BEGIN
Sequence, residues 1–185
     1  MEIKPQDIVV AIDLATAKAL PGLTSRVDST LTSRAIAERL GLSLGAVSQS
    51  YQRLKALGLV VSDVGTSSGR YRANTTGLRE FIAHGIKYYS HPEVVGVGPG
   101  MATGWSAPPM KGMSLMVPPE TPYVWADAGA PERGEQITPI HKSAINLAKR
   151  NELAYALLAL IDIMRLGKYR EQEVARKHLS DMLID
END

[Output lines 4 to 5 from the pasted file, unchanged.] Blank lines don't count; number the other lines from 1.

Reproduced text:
   101  MATGWSAPPM KGMSLMVPPE TPYVWADAGA PERGEQITPI HKSAINLAKR
   151  NELAYALLAL IDIMRLGKYR EQEVARKHLS DMLID